The agency was created based on the provisions of the Battling Doping in Sports act, passed by the parliament on April 21st this year. It replaced the Commission for Battling Doping in Sports, established 1988, as the national anti-doping agency. The agency has been granted an array of powers that its predecessor didn’t have. They especially relate to the so-called investigating collaboration with the Police, prosecutors, The Customs and Fiscal Service, the Military Gendarmerie or the Border Guards.
The main task of the Agency is still – just like was the case with the abolished Commission for Battling Doping in Sport – planning and implementing anti-doping control, both during competitions and outside of them. One novelty is a significant professionalizing of this task. Controls can now only be run by qualified controllers, prepared for this role by the Agency itself. POLADA also has reseources and powers to execute anti-doping control of Polish players even abroad. It is also a sign of professionalizing that a special status was granted to the Agency’s controllers themselves. They are subject, during or in relation to serving their formal duties, to protection but also responsibility specified in the Penal Code for public officials. The actions performed by the controllers are considered to be carried out for the public good, which is the reason behind the special status. On one hand it is there to guaratee the controllers with the adequate protection, and on the other to work preventively in the event of a controller being at risk of corruption.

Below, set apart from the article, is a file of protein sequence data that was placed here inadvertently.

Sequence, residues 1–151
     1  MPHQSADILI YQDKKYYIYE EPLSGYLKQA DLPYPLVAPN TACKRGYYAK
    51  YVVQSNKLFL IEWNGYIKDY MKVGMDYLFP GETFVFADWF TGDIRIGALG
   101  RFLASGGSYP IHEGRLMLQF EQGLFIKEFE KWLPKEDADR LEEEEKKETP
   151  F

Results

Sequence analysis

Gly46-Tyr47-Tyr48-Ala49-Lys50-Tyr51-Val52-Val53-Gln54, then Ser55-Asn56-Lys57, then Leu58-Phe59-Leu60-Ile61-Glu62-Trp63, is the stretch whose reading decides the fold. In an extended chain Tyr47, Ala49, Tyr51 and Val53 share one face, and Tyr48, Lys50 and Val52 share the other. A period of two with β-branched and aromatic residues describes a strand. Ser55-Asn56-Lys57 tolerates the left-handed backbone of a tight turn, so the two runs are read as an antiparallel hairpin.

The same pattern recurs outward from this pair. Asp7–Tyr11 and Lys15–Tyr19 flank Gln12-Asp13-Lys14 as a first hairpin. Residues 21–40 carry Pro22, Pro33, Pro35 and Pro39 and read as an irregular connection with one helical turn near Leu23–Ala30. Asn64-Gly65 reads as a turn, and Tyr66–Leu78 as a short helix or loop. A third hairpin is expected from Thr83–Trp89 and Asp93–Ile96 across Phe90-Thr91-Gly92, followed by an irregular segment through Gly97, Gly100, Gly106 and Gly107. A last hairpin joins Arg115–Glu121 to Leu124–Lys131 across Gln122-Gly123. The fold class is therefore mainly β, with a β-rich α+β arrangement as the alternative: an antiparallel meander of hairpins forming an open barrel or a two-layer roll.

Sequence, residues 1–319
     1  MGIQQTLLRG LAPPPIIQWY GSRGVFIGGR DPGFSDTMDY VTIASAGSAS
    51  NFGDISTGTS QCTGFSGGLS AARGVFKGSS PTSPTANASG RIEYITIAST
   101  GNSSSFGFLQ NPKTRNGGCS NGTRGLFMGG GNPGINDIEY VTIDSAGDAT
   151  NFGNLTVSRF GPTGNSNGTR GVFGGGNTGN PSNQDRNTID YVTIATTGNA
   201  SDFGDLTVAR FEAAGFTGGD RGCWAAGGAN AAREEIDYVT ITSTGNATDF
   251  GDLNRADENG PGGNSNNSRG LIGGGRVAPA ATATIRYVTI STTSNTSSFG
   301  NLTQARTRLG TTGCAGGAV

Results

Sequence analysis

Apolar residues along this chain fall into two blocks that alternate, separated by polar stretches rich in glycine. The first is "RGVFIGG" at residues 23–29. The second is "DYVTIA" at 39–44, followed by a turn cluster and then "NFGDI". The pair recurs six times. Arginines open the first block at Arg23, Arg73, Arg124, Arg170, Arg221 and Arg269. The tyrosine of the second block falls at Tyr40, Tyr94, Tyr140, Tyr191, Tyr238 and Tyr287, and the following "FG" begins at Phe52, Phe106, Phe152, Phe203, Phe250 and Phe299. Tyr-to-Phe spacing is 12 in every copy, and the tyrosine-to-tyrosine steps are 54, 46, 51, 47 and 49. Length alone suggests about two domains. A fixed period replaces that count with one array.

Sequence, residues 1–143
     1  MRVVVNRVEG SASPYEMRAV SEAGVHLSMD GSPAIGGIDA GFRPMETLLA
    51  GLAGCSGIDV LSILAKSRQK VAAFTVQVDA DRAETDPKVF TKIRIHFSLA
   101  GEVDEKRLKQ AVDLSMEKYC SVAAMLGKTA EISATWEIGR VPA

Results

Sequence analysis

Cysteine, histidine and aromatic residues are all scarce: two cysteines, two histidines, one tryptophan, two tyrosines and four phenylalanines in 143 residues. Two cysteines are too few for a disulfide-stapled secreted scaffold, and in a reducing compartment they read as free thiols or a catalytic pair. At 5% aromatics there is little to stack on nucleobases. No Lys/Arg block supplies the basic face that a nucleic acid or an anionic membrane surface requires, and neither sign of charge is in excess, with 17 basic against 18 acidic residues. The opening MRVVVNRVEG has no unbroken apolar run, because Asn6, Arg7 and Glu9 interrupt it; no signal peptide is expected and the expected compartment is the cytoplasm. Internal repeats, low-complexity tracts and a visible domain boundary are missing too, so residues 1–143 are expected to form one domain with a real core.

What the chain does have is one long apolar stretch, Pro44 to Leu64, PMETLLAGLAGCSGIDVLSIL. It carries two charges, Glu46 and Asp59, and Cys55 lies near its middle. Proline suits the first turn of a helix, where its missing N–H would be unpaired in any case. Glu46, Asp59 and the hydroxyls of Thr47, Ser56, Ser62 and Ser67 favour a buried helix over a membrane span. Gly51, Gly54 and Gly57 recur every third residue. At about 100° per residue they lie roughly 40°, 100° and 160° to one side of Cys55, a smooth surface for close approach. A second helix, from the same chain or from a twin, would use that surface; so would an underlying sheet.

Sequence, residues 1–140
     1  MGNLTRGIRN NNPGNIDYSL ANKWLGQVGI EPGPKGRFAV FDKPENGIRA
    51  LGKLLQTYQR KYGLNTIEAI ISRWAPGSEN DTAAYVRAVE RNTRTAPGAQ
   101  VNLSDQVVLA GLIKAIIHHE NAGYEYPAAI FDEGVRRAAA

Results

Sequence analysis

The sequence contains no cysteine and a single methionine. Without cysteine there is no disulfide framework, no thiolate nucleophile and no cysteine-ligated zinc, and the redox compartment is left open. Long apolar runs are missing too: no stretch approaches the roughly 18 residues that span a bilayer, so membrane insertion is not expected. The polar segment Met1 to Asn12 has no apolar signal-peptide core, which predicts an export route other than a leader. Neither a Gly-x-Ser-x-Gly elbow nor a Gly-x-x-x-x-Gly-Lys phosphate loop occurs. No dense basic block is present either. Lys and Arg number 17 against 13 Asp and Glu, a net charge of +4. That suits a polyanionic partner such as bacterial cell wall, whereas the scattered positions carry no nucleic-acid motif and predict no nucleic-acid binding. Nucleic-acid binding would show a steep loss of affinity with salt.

The provisions of the Battling Doping in Sports act, besides establishing POLADA, also envision other important solutions. One of them is creating a Disciplinary Panel next to the Agency, which settles the disciplinary responsibility for doping in sports. It is a continuation of changes initiated in a novelization of the sports act, which took place last summer. The panel is granted the current powers that used to be carried out by disciplinary commissions operating within the scope of Polish sports associations, some of which didn’t have the adequate knowledge and experience to adjudicate in regards to doping in sports. It guarantees efficiency and reliability of the conducted proceedings.
The act also provides the Police and the Customs and Fiscal Service with conditions to run operations the purpose of which is to detect and go after smuggling and trading doping substances that are banned in sports. It is accompanied by adequate penal provisions that predict – on the conditions specified by the act – a fine, restrictions on freedom or imprisonment of up to 3 years for providing third parties, for a fee or for free, with specific forbidden substances, trading them as well as delivering and importing them on the Polish territory. The act also defines the framework for the mutual operation of the Agency and the Minister of Health as well as clears up the legal situation within the scope of processing personal information of the players being subject to anti-doping control.